If you’ve just started your journey as a freelancer, congratulations! Working for yourself is incredibly rewarding, but it can also be daunting when you get started. Or maybe you’ve been freelancing for a while and are just starting to realise how difficult it is to keep track of your incomings and outgoings. That’s okay, knowing how to budget as a freelancer is a tough gig!
Whatever brought you here, I’m excited to share with you everything I’ve learned. If I can help just one person de-mystify the complexities of budgeting as a freelancer, this post will be worthwhile.
And if you’re new here, welcome! My name is Brooke and I’ve been travel blogging since 2012 (yikes!) Over the years I’ve learned a lot about being a freelancer, a lot about budgeting and most importantly, a lot about myself. These tips will help you get your freelancing career underway and make the most of your newfound freedom!
This post is an excerpt from the Travel Blogging Masterclass.
1. Keep personal and business expenses separate
Separating your finances is as simple as going down to the bank and opening a new business account. In the digital age we live in, you can probably even do it online (depending on your bank).
Once you’ve opened an account, be sure to request a separate card. Label it immediately (I have used a permanent marker on mine which reads “business”).
Now, use this card for everything and anything that relates to your business.
If you’re a blogger, this can be everything from your new Macbook computer to your pens and calculator.
And as a travel blogger be sure to keep track of every expense on the road like hotels, gas, insurance and activities. By using your business card and transacting through your business account, it will be easy to keep track of your incomings and outgoings, which is especially useful come tax time.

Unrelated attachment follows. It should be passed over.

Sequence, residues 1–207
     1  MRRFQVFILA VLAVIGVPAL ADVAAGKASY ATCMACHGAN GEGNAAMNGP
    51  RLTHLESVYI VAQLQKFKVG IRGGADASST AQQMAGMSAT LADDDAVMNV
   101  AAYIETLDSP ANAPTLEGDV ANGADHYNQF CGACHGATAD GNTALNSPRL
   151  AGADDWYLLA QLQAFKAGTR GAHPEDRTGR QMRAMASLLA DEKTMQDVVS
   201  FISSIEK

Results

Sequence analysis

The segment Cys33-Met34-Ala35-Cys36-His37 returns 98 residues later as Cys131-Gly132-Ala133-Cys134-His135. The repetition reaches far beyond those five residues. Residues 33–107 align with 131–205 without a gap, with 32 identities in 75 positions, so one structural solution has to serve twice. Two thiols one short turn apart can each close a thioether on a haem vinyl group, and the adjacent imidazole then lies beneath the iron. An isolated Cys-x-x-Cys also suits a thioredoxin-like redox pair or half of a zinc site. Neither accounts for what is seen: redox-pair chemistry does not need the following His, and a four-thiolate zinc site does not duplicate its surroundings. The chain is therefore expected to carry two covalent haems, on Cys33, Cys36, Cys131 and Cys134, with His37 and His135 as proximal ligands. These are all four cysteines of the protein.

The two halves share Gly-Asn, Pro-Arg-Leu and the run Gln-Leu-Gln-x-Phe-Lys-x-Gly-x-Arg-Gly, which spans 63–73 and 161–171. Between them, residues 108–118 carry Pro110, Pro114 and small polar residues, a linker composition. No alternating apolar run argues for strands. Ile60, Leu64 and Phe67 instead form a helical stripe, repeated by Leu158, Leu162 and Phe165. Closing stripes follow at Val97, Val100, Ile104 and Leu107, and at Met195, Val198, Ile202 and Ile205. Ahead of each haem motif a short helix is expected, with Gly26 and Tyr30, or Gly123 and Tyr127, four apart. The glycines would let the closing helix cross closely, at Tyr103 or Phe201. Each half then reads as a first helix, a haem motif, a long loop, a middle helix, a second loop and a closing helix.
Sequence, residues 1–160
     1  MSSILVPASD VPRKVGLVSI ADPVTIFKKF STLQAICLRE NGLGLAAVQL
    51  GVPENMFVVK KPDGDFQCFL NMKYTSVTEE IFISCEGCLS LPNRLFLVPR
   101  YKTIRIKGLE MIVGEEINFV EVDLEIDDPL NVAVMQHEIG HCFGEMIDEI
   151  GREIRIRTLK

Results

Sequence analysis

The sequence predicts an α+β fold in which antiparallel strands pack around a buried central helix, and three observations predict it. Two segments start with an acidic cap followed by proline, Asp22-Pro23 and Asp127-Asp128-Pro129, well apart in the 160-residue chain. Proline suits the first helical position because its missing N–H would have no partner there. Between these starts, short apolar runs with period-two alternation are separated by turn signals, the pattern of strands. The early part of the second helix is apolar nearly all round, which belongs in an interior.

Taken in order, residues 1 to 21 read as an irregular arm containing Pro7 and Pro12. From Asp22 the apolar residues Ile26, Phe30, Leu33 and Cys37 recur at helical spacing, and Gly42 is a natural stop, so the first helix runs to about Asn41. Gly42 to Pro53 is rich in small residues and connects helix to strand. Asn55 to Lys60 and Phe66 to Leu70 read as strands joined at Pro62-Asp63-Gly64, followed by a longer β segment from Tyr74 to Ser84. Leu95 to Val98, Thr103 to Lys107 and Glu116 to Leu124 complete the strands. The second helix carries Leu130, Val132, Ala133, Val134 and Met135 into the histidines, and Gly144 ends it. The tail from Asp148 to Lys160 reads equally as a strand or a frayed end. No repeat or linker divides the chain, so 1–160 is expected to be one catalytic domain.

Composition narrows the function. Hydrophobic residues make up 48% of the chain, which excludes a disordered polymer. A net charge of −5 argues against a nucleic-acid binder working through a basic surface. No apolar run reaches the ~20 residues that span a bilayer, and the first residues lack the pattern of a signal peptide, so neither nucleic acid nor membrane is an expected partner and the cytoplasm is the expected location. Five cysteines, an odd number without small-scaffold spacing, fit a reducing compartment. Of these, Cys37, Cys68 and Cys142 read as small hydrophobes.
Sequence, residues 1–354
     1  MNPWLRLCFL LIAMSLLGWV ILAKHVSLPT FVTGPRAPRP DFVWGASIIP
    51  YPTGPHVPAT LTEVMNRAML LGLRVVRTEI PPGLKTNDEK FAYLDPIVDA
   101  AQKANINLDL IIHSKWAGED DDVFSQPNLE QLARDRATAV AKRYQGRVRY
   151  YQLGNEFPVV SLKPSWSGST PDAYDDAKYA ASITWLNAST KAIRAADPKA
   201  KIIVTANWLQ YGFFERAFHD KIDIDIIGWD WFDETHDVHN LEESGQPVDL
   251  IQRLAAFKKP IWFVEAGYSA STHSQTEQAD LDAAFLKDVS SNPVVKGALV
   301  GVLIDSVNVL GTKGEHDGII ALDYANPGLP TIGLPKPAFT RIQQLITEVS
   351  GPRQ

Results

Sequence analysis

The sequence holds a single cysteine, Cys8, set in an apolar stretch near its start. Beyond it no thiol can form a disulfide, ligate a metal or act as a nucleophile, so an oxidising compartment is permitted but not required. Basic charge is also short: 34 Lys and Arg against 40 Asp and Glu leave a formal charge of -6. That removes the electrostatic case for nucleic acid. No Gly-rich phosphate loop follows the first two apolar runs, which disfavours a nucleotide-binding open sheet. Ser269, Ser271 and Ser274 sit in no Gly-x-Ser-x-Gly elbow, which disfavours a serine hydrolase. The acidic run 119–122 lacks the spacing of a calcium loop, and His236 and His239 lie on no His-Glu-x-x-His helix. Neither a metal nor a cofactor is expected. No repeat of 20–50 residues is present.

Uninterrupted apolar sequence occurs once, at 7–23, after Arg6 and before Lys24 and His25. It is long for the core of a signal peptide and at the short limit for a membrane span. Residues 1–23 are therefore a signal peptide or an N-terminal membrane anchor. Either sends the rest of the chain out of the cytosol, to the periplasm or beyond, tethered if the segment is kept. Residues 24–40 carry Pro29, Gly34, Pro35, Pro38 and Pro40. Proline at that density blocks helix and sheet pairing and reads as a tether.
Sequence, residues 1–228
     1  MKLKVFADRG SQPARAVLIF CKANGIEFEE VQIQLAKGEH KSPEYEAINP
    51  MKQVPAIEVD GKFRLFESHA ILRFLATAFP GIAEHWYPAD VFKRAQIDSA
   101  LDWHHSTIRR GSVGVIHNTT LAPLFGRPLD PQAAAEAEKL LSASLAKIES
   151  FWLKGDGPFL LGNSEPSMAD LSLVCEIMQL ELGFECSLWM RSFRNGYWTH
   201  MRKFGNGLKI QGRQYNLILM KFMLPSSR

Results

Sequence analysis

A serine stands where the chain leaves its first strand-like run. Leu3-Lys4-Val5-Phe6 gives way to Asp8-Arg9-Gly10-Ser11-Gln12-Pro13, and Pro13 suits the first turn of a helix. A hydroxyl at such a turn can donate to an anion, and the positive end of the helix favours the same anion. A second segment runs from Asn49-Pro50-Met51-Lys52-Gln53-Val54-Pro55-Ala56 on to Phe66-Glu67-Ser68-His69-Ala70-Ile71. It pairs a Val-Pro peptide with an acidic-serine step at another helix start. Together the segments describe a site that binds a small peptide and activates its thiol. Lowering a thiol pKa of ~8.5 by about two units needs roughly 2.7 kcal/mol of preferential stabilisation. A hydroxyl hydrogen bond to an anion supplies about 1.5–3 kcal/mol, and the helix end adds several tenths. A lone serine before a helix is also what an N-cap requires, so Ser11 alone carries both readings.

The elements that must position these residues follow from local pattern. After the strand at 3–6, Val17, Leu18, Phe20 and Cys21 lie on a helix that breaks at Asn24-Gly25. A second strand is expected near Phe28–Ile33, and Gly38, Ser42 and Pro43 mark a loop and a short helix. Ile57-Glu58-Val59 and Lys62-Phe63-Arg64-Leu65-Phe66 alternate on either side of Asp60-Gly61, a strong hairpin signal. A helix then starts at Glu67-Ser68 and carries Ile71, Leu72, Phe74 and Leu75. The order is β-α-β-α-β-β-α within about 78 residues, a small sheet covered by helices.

2. Create a budget
Creating a budget as a freelancer is quite different to an ordinary budget for workers on a salary. Some months you might make $10,000 and others you might make $2,000. There are also dreaded periods of time known as “dry spells” where you can go days or weeks without any money coming in. That’s just all a part of the freelancing game.
The best way to budget as a freelancer is to always save for a rainy day. And by rainy day I mean a dry spell as dry as the Atacama Desert.
It will take a few months to get an idea of how much money you will make and even then, it will fluctuate a lot in the early days. But if there’s one thing I know for sure, it is the more you blog, the more opportunities come your way. So be sure to keep on top of your content calendar and constantly update your blog.
How much you should budget for living expenses really depends on the individual. But as a general rule, I try to save at least half of everything I earn. So if a brand pays me $10,000, I break it down something similar to the below:
30% goes to tax
30% I put into a savings account
40% I consider mine to spend
3. Track your expenses
Making money in any industry is really simple: you need to save more than you spend. It is a constant consideration of incomings vs. outgoings. And I promise you the sooner you know how much money you are spending when you add up your $5 lattes, the sooner you will cut down your expenses. It’s that simple.
4. Manage your taxes
The biggest problem freelancers face is not managing their taxes correctly from the day they start. As a freelancer (and as a sole trader), you will need to pay your own taxes at the end of the financial year. So the best way to approach this is to save money as you go, immediately deducting a % of your income for a savings account that will be later used to pay your tax bill. The % will vary for each individual, but I put aside 30% of my income for tax.
5. Invest in an invoicing software
Last but not least, a little investment in tracking your invoices will go a long way. I recommend Bonsai for freelancers as I love the interface and they offer really competitive pricing. It is sort of my secret weapon! What I love about this software is that you’ll get a notification when someone opens your invoice (so you know they’ve seen it). You can also automate reminders to make sure your bills get paid.